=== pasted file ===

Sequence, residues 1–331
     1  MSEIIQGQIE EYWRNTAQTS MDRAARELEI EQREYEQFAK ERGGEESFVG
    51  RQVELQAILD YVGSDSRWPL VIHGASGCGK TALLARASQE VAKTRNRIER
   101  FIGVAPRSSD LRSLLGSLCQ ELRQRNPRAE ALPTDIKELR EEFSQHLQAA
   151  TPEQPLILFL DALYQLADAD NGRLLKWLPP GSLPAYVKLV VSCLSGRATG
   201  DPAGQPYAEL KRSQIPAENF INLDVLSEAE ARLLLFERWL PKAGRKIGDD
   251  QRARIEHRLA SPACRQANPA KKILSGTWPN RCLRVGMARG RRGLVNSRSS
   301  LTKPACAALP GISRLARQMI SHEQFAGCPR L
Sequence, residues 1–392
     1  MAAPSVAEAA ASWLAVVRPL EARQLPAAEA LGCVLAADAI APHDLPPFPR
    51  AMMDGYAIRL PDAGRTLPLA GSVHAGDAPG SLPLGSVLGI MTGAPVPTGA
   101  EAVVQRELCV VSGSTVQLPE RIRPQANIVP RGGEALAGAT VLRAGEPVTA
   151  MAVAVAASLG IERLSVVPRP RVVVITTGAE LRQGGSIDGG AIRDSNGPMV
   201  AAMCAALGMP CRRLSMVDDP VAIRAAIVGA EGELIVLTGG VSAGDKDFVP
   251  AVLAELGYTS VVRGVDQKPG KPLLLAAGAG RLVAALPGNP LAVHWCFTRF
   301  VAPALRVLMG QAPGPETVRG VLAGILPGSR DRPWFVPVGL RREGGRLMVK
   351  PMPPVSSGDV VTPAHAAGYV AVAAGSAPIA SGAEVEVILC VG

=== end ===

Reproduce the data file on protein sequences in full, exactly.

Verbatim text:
Sequence, residues 1–331
     1  MSEIIQGQIE EYWRNTAQTS MDRAARELEI EQREYEQFAK ERGGEESFVG
    51  RQVELQAILD YVGSDSRWPL VIHGASGCGK TALLARASQE VAKTRNRIER
   101  FIGVAPRSSD LRSLLGSLCQ ELRQRNPRAE ALPTDIKELR EEFSQHLQAA
   151  TPEQPLILFL DALYQLADAD NGRLLKWLPP GSLPAYVKLV VSCLSGRATG
   201  DPAGQPYAEL KRSQIPAENF INLDVLSEAE ARLLLFERWL PKAGRKIGDD
   251  QRARIEHRLA SPACRQANPA KKILSGTWPN RCLRVGMARG RRGLVNSRSS
   301  LTKPACAALP GISRLARQMI SHEQFAGCPR L
Sequence, residues 1–392
     1  MAAPSVAEAA ASWLAVVRPL EARQLPAAEA LGCVLAADAI APHDLPPFPR
    51  AMMDGYAIRL PDAGRTLPLA GSVHAGDAPG SLPLGSVLGI MTGAPVPTGA
   101  EAVVQRELCV VSGSTVQLPE RIRPQANIVP RGGEALAGAT VLRAGEPVTA
   151  MAVAVAASLG IERLSVVPRP RVVVITTGAE LRQGGSIDGG AIRDSNGPMV
   201  AAMCAALGMP CRRLSMVDDP VAIRAAIVGA EGELIVLTGG VSAGDKDFVP
   251  AVLAELGYTS VVRGVDQKPG KPLLLAAGAG RLVAALPGNP LAVHWCFTRF
   301  VAPALRVLMG QAPGPETVRG VLAGILPGSR DRPWFVPVGL RREGGRLMVK
   351  PMPPVSSGDV VTPAHAAGYV AVAAGSAPIA SGAEVEVILC VG